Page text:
When asked for his firsthand assessment, Jeff Banister didn’t hesitate.
“He’s a better player than I thought he was,” said the Texas Rangers manager.
And chances are, you agree. Ian Desmond, the free-agent shortstop-turned-left fielder-turned-center fielder, is a better player — and a far more impactful addition to the Rangers’ clubhouse — than you or I probably imagined.
As a coach with the Pittsburgh Pirates, Banister had watched Desmond play shortstop for the Washington Nationals for part of his seven seasons.
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“I knew he was a physical player,” Banister said before Saturday night’s game against the Toronto Blue Jays. “From the outside when you view a guy and you judge competitiveness, you judge it by how hard they play, the urgency that they play with.
“The thing that has impressed me the most about him, though, is it’s all about winning. Every inning, every pitch, it’s about winning baseball. He doesn’t care about anything but winning.”
Consider it a high compliment. Winning teams need players who have a riveted focus on winning, not on their fantasy numbers. Winning teams need guys who bring a singular purpose to the clubhouse.
Guys like Adrian Beltre and Rougned Odor, to name two of the most conspicuous ones. And guys like Desmond, who in three weeks not only raised his batting average from .109 to .252 but also seized the starting role in center field.
Desmond’s signing on Feb. 29 sent a major ripple through the Rangers’ Arizona spring training camp. It came just two days after the club announced that outfielder Josh Hamilton had received stem cell and plasma injections in his knee and would begin the season on the disabled list.
The Rangers appeared to have two choices — either launch another vigil for Hamilton’s eventual return or push a young prospect into a premature starting role.
Out of the blue, they signed Desmond to a bargain one-year, $8 million contract and announced that he would be playing left field.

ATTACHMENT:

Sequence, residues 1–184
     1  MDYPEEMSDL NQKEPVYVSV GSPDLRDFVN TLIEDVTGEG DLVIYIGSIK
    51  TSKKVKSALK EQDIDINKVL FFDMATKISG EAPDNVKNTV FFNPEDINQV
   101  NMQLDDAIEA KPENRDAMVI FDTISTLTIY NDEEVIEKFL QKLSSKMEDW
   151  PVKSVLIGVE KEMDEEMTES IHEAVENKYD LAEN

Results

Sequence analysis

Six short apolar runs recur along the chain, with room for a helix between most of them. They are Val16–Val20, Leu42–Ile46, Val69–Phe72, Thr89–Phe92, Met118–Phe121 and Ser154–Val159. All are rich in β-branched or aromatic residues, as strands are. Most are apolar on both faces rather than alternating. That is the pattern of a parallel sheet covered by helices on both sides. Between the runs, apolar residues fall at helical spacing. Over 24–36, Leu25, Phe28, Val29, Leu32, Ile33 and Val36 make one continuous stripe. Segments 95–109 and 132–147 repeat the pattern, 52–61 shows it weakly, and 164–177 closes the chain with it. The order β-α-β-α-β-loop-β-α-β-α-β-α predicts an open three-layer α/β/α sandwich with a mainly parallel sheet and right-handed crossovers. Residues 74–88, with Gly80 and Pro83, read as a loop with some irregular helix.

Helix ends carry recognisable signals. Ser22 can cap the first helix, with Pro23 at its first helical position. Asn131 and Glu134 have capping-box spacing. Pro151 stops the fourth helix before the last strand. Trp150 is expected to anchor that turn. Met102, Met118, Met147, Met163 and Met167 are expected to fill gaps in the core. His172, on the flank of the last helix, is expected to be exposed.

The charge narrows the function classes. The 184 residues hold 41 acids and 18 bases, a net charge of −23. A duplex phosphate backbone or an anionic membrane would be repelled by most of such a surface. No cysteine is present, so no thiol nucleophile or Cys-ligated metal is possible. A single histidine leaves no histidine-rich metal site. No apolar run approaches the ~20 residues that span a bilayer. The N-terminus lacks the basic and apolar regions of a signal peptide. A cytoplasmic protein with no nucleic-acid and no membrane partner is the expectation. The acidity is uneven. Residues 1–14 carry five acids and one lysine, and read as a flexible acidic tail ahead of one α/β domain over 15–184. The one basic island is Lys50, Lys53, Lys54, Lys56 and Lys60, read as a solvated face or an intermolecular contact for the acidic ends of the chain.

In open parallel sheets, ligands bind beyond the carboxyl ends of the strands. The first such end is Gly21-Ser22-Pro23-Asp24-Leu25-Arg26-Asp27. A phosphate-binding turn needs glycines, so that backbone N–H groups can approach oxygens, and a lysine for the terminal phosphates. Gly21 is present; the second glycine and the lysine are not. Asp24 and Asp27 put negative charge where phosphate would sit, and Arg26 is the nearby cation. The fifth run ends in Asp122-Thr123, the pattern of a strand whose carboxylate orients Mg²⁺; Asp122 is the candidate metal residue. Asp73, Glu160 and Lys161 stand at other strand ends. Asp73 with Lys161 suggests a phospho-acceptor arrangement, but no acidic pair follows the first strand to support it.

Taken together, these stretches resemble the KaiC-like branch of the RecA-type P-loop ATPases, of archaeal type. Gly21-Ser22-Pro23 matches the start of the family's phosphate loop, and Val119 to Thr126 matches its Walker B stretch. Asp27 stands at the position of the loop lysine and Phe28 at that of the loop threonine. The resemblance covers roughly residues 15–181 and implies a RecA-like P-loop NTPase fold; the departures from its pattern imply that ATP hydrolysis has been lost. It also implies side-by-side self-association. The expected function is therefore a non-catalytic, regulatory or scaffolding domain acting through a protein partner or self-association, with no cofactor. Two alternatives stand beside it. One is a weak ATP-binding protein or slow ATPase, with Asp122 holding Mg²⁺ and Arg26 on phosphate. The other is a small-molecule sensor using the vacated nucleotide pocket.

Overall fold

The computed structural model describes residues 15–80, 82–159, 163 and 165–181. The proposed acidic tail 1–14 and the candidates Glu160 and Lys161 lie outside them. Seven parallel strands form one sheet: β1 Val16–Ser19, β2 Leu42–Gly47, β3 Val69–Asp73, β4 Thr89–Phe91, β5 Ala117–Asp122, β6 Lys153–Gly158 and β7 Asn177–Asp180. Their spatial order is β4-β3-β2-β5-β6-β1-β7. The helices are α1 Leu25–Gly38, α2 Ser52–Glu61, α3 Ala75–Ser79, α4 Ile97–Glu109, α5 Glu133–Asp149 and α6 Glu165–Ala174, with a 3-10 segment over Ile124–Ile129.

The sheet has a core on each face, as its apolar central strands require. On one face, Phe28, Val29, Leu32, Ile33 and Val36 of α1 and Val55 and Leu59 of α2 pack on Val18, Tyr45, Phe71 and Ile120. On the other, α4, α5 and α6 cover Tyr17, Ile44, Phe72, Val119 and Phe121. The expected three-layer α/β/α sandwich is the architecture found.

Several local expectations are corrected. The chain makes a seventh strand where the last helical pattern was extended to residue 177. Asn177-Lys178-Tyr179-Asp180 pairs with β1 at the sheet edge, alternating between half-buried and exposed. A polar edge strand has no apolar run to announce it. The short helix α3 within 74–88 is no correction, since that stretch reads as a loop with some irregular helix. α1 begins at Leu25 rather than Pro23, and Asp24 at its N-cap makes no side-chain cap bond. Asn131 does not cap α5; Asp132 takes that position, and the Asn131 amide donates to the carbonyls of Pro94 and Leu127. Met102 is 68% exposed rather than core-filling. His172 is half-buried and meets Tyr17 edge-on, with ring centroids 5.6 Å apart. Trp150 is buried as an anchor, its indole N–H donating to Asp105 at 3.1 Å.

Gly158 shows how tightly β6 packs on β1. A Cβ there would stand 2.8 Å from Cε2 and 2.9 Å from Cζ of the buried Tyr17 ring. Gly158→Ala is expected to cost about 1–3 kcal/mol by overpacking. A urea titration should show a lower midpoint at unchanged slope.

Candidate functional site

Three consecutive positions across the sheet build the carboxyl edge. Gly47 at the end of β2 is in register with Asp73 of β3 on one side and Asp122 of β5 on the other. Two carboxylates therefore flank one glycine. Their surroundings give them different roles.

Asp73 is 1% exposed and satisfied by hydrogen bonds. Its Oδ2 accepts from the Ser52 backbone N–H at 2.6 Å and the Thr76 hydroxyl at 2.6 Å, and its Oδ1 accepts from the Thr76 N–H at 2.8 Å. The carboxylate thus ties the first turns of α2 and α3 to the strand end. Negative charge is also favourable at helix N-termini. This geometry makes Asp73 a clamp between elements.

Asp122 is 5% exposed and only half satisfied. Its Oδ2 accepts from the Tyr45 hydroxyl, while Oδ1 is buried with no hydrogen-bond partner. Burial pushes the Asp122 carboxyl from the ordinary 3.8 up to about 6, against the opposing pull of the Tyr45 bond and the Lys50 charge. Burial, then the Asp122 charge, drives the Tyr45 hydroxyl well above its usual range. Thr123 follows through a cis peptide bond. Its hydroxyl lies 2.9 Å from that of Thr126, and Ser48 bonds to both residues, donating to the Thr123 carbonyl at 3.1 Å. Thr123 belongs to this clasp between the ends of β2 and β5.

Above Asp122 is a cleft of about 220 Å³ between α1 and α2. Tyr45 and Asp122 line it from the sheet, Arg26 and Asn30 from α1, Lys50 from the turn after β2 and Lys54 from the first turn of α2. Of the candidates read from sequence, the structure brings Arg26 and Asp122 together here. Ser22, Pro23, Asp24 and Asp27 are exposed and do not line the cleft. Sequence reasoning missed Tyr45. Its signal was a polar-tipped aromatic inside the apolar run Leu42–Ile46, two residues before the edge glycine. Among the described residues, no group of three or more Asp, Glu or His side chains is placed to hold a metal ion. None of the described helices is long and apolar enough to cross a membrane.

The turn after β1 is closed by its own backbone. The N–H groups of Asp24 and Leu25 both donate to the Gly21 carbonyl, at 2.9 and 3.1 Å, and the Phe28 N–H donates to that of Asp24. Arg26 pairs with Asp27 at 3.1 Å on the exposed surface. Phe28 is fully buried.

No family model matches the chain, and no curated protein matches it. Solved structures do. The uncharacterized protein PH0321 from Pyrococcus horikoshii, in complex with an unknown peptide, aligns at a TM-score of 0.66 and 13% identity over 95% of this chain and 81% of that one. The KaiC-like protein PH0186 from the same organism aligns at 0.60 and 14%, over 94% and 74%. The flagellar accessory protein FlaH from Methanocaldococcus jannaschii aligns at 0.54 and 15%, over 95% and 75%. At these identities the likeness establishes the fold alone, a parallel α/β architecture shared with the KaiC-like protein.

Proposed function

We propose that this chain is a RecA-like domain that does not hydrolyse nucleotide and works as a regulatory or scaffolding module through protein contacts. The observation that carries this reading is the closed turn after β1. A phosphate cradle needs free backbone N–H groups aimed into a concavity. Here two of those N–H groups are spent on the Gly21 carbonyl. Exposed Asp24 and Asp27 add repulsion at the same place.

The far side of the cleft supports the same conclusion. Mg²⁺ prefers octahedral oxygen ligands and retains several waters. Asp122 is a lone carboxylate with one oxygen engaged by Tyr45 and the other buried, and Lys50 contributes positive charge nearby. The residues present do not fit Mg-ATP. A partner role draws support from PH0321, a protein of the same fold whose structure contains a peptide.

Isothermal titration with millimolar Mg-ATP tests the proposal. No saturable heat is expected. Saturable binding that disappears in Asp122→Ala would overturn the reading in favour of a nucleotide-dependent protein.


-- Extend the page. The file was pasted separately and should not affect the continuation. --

The outfielder apprenticeship went so well that Desmond soon ousted Delino DeShields from the starting spot in center.
But that’s Desmond. Visitors to the clubhouse report seeing Desmond in full uniform, three hours before game time, even on days when the club skips batting practice.
“I think he goes to sleep in his uniform,” Banister said. “This cat shows up with such an intensity level, when he walks through that clubhouse door it’s all about beating that team in the other dugout every single night.
“You don’t get a sense of that really until you spend time in the same uniform, same clubhouse, same dugout with him.”
Since his early-season drought, Desmond has batted .329 with 14 extra-base hits and 18 runs batted in. He also has proven to be an anchor, not a liability, in the outfield.
Interesting decisions could loom for both Desmond and the Rangers. Desmond again will be a free agent after this season. Does he want to return to shortstop? How many years will he be asking for?
While not yet a free agent, Desmond turned down a seven-year, $107 million offer from Washington after the 2014 season. It’s unlikely he would accept merely a one-year qualifying offer this time from his current team.
The Rangers still have DeShields, who was demoted to Triple A this week, and they are waiting for center field prospect Lewis Brinson, currently in Double A, to arrive.
DeShields and Brinson are young and own uncertain ceilings. Desmond, on the other hand, is a solid veteran commodity who has enriched the clubhouse.
Do the Rangers try to sign him to a three-year deal? Would he even accept a three-year deal?
Back in February, the Rangers likely never expected that Ian Desmond could be the cause of so many questions.
He’s better than they thought he was, as it has turned out. Better than we all thought.